Because of opposition to dissecting human cadavers, Galen used pigs, goats, dogs, and monkeys, carefully studying their anatomy. Operating on live animals, he conducted spinal cord experiments showing how severing the spinal cord at various places affected different parts of the body.

Studying animal brains, Galen correctly identified various cranial nerves, such as the optic nerve (sight and visual information), the olfactory nerve (smell and taste), the acoustic nerve (hearing and balance), and the oculomotor nerve (eye movement control).


The slow birth of neurology. Because the church banned dissection of cadavers, the progress of brain anatomy and knowledge moved slowly during the Middle Ages (fifth through 15th centuries).

This changed during the Renaissance era, when philosophers and artists such as Leonardo da Vinci became curious about anatomy, particularly the brain. Da Vinci produced a series of anatomical drawings that included considerable detail about the brain.

Following his lead, British physician and emerging neuro-anatomist Thomas Willis (1621–75) began to examine and study brains extensively. In 1664 he published a groundbreaking book, Cerebri Anatome, complete with intricate information about major brain regions and the functions of some cranial nerves.

In the 19th century, French surgeon Paul Pierre Broca (1824–1880) conducted numerous autopsies carefully examining human brains. He correctly noted that the frontal lobes were instrumental in driving intellect, judgment, abstract thinking, and critical reasoning.


The strange case of Phineas Gage. A great deal of brain knowledge has come by studying people who have had damage to various regions of the brain. One of the most amazing and fascinating cases is that of Phineas Gage.

In 1848, Gage worked on a railroad construction crew. As he was setting a charge of explosives, the dynamite blew prematurely, propelling a 13-pound, 3.5-foot iron bar through the front of his head, where it destroyed much of his frontal cortex.

Despite this appalling injury, Gage did not lose consciousness but walked calmly to a road where he obtained a ride into town. There a physician managed to remove the rod.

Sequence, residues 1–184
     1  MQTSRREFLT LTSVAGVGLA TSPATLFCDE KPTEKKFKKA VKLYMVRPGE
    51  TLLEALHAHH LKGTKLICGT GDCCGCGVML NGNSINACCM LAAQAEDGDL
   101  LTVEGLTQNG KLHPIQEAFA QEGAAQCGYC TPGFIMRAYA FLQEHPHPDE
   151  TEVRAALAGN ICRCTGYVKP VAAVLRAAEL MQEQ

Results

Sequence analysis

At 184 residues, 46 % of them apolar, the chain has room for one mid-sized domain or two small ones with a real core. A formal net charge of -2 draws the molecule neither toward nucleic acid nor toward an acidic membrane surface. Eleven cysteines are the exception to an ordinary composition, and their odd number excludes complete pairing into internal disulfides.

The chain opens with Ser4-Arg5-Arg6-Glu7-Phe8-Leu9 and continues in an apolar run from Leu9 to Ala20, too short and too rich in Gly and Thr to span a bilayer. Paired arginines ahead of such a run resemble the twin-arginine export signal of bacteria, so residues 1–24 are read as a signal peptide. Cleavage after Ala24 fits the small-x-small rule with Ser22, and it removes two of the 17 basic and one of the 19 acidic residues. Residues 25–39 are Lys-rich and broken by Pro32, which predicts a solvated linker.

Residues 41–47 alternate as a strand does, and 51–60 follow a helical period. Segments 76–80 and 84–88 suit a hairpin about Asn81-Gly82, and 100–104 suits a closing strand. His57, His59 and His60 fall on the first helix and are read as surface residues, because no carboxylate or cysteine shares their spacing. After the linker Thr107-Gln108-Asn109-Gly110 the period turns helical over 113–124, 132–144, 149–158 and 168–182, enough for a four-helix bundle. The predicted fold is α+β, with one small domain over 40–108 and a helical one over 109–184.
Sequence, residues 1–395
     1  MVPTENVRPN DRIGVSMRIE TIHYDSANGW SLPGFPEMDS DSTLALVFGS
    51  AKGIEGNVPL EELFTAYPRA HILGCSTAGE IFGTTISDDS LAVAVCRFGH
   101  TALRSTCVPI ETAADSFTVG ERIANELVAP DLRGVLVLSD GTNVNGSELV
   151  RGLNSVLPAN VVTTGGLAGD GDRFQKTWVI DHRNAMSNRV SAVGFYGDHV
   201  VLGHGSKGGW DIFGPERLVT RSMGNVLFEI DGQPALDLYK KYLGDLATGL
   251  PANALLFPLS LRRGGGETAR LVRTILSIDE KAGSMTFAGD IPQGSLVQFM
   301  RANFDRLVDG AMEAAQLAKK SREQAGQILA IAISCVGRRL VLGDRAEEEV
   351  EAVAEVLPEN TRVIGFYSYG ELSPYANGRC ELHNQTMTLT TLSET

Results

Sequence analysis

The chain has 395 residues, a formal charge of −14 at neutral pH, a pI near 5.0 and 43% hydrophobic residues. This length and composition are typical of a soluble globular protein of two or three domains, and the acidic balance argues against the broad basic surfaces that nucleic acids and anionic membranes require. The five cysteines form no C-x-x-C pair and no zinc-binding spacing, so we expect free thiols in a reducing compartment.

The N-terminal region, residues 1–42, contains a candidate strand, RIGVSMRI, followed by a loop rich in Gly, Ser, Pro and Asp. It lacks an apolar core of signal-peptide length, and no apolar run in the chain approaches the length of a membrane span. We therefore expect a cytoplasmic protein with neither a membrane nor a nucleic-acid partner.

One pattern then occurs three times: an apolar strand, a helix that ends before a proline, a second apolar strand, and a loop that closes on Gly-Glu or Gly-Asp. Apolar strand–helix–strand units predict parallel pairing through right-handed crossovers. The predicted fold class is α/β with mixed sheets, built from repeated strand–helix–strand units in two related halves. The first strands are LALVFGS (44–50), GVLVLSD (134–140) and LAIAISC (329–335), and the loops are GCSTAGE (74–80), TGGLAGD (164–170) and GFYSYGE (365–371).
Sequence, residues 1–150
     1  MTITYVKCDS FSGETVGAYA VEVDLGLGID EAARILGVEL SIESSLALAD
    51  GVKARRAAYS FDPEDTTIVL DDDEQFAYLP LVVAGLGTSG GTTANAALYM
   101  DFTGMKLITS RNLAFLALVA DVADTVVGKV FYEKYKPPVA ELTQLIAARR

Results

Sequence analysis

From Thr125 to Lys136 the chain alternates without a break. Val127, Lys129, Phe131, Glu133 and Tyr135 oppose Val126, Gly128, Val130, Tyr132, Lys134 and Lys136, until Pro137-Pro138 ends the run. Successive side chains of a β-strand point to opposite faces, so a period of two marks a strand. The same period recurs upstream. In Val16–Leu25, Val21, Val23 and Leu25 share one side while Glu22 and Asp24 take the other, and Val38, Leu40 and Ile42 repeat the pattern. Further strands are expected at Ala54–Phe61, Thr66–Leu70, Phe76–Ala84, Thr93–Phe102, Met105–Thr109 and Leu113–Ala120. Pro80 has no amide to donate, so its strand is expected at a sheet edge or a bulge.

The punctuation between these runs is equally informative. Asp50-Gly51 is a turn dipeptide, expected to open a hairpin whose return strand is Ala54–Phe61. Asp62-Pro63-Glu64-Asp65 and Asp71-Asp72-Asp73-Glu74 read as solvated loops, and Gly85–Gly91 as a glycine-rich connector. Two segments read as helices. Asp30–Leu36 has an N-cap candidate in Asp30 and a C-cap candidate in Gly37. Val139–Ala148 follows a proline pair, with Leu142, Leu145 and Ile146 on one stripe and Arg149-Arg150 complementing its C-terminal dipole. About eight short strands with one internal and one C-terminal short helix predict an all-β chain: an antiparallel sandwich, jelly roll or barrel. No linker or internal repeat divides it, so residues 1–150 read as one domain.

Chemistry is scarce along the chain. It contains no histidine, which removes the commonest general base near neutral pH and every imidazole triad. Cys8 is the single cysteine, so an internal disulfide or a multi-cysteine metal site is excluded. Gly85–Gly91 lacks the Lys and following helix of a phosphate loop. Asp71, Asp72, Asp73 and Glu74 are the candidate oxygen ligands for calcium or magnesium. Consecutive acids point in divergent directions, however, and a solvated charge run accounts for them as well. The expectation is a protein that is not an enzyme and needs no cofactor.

Though Gage survived this trauma, he was never the same. Before the accident, friends described him as responsible, hardworking, intelligent, and friendly.

Afterward, his personality changed, leaving him unstable and impulsive. He wandered from job to job, eventually traveling with carnivals and exhibiting himself and his iron bar. Gage developed epilepsy and died 13 years later.

Nevertheless, the report of Gage’s change in personality confirmed studies of other neurologists that psychopathological conditions could be correlated to brain injury.


Einstein’s brain. Regarded as one of the most prominent geniuses of the 20th century, Albert Einstein’s brain was removed within eight hours of his death on April 18, 1955, in Princeton, New Jersey.

Physician Thomas Harvey performed the autopsy with the approval of Einstein’s son, who stipulated that his father’s brain should be used only for research to be published in scientific journals of “high standing.”

vHarvey sliced the brain into sections, providing some samples to leading pathologists but keeping many for himself. In 1978 a reporter (Steven Levy) interviewing Harvey learned the doctor still had several sections of Einstein’s brain.

His published story attracted interest from scientists, who began to carefully scrutinize it. They discovered that Einstein’s brain was smaller than average, weighing 1,230 grams rather than the normal 1,400.

However, his parietal lobes were unusually large, and this part of his brain was 15 percent wider than other human brains. The parietal lobes are where mathematical thought emerges, thus offering one explanation for Einstein’s incredible mathematical powers.


Though brain science has developed greatly in recent times, it is still a frontier waiting to be further explored.

Douglas Tweed, author of Microcosms of the Brain, notes: “Present-day knowledge of the brain resembles in some ways earlier Europeans’ knowledge of Africa. Explorers have mapped the coastline in detail, but the interior is mostly uncharted.”